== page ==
After making a few short test runs to Dachang, I decided to take advantage of a window of beautiful weather during Chinese New Year and have a proper explore of the Inner Sea. It would be my first expedition in my sea kayak, which I named “Zephyrine”, after the west wind which fluttered lightly across the water as I set out that morning. This was to be an overnighter, my first time camping out of the kayak and paddling it fully-laden with gear. I gathered the various kayaking bits and bobs I’d collected over the last few months, from specialist PFD (lifejacket) to floating waterproof phone case, deck compass and bilge pump and stowed them, along with tent, hammock, provisions, water, and everything else I needed to survive for two days, in Zephyrine’s watertight hatches. What wouldn’t fit was secured under the generous deck rigging of reinforced bungee cord. With a helping hand into the water and a cheery wave from my wife, I paddled out for an adventure. My plan was simple. Cross to Dachang before heading on to the far side of the Inner Sea to Xiyu Island. From there I’d hug the coast and paddle south, landing that night at what appeared, on the map at least, to be a small, disused harbour. Set up camp, preferably hang my hammock and avoid a long night on the hard ground and the next morning head out through the “Southern Gateway” where the Inner Sea flows out into the open ocean. My target was the island of Tongpan, a small, volcanic island ringed entirely by steep basalt columns that I’d visited years before on a tour. That time I’d been on a ferry. This time I’d get there under my own steam. After a quick circumnavigation of the island, I’ take advantage of the south wind that was forecast to hit in the afternoon, sailing it back into the inner sea and to Zhongtun in one long leg.

The plan. I didn’t have a napkin handy.

There’s something immensely satisfying about embarking on a sea kayak expedition, even one as modest as mine. Everything I needed to survive was either on my person or safely stowed in my boat and together we glided forward as one. It’s like going backpacking, but without the weight of a rucksack and all your gear on your shoulders and in your pockets, supported by weary legs. As my feet find the footpegs and my hips slot comfortably into the cockpit, pushing gently against the braces, the boat becomes an extension of myself. When I lean, it leans. When I dip in my paddle and push with a gentle twist of my torso it leaps forward, playful, powerful and reassuring in its movement. The rhythm of paddling is a soothing one, almost hypnotic. Back straight, paddle held loosely but firmly. Catch, rotate and pull. Catch rotate and pull. With the proper technique (which I’m still working on) your arms do as little work as possible, the power coming instead from your core and the rotation of your torso. Even so, a slow, pleasing burn from your muscles confirms you’re getting a workout, although the exercise is more akin to cycling than running. A constant, circular motion of un-strenuous exertion and you move steadily along at the pace of a slow jog. It’s zen-like, therapeutic and healing as your world shrinks to the small craft around you and the motion of cutting through the water, quietly and unobtrusively. The quiet is exquisite, not quite total. There’s always the barely perceptible sound of the paddle going in and the water running off the surface of the boat. The call of the odd seabird, the occasional distant, echoing sound from the shore, a car perhaps or the musical tone of a garbage truck (this is Taiwan, where one can never quite escape that sound!). But you are, essentially, alone at sea with your thoughts.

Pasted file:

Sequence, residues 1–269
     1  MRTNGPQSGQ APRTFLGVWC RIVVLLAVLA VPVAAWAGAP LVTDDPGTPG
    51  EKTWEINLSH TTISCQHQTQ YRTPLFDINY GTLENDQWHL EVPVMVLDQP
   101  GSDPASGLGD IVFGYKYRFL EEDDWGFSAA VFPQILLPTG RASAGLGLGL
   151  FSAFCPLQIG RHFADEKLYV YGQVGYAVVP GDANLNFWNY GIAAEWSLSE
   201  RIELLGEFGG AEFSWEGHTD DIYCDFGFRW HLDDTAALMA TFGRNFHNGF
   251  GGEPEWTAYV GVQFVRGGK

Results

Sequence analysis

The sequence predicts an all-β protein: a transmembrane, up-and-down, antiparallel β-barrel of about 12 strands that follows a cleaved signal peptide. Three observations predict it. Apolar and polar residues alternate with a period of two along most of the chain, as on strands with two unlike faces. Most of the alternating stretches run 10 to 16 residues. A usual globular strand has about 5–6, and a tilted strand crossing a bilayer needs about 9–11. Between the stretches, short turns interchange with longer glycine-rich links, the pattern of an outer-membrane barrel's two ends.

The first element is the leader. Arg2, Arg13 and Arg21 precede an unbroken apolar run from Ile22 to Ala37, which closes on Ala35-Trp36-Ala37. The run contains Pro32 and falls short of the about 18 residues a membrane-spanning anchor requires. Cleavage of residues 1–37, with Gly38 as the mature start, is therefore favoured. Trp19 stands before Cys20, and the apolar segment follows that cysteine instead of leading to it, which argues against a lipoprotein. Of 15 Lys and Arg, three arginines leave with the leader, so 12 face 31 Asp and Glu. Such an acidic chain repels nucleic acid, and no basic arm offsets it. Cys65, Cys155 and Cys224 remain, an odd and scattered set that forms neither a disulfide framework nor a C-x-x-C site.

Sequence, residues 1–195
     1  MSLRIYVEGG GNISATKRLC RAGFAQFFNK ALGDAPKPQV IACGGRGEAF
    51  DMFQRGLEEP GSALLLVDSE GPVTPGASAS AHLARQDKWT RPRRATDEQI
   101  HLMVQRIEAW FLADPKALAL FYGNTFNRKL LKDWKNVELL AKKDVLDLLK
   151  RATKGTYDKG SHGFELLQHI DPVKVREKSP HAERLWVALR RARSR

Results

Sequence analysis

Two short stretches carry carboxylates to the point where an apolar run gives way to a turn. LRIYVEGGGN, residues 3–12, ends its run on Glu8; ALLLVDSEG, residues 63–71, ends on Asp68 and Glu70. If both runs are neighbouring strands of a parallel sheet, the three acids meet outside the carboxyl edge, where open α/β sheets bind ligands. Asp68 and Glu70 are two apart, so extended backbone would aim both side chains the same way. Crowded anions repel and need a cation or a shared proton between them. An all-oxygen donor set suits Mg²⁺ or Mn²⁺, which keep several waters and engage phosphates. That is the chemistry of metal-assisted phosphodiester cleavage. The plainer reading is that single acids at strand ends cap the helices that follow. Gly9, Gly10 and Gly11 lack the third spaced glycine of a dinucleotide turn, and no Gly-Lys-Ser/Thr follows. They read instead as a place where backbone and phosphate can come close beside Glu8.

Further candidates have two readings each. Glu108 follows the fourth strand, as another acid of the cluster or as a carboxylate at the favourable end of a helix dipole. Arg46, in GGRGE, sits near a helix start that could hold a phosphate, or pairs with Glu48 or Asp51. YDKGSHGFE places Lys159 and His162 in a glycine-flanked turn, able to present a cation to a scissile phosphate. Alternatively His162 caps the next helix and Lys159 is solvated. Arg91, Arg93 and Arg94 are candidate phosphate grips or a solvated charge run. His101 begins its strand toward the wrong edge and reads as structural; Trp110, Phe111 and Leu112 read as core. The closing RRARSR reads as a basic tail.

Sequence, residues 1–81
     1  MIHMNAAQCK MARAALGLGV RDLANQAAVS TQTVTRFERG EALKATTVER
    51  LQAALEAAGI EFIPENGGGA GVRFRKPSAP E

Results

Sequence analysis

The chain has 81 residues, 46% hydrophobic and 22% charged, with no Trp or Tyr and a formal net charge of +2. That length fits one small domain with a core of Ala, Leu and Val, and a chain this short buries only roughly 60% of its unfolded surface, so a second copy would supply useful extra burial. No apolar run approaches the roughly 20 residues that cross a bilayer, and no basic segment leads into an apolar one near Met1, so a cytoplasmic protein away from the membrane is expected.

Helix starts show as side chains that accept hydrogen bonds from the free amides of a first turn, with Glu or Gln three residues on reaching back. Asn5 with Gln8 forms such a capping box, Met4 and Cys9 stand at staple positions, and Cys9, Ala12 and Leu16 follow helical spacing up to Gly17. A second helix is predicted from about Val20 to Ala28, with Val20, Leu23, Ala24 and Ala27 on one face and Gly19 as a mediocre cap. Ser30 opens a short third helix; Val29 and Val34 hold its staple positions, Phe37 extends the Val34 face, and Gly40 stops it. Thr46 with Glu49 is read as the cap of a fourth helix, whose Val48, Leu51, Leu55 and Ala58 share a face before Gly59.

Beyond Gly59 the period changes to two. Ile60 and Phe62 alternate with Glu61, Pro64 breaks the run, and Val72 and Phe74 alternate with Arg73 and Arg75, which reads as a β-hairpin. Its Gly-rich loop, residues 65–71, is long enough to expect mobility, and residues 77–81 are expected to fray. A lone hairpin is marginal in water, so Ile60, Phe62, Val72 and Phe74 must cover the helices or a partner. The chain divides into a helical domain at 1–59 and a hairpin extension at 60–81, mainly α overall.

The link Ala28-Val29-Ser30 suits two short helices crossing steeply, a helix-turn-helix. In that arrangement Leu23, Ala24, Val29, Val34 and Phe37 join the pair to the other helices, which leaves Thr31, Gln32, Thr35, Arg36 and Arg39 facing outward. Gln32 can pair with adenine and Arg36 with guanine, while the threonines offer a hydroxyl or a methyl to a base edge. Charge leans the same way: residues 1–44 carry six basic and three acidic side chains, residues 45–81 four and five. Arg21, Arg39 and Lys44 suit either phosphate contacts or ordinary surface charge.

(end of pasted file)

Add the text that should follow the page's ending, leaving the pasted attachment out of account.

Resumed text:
Ready to launch

The sea does, however, have a habit of keeping you from becoming too complacent or  ‘zoned out’, periodically reminding you, “Hey, quit day-dreaming you hippy landlubber. You’re in my world now and you better pay attention.” What was pink champagne, sparkling in the morning sun one moment becomes a threatening grey mass the next as clouds cover the sun. The wind picks up and suddenly you’re no longer gliding effortlessly over a millpond but bobbing across waves bigger than your boat. An invisible boundary is crossed, when the island that was protecting your from the swell is rounded and the open ocean rushes to greet your little craft. Suddenly you need to refocus. You’re alone and vulnerable. The sea is not your friend, or your playground. A slight frown furrows your brow for a moment and you rush a stroke or two. But then it’s  replaced by a smile. This is why you go kayaking. Adventures are never predictable or easy. Often, they’re not even fun. I’m responsible for myself out here, so yes Mr. Ocean, I will pay attention.

The sea also periodically reminds you it is a habitat, teeming with normally invisible life. As I paddled south, following the coastline, my thoughts were disturbed when a trio of large fish with long needle-like noses erupted from the surface and then proceeded to skip across the surface like miniature jet-skis, straight towards my boat. One flew across my bow, inches away hitting me in the face and skewering my nose. You often feel alone on the water, but you rarely are.

Plenty of room for a man, his thoughts and a cold(ish) beer.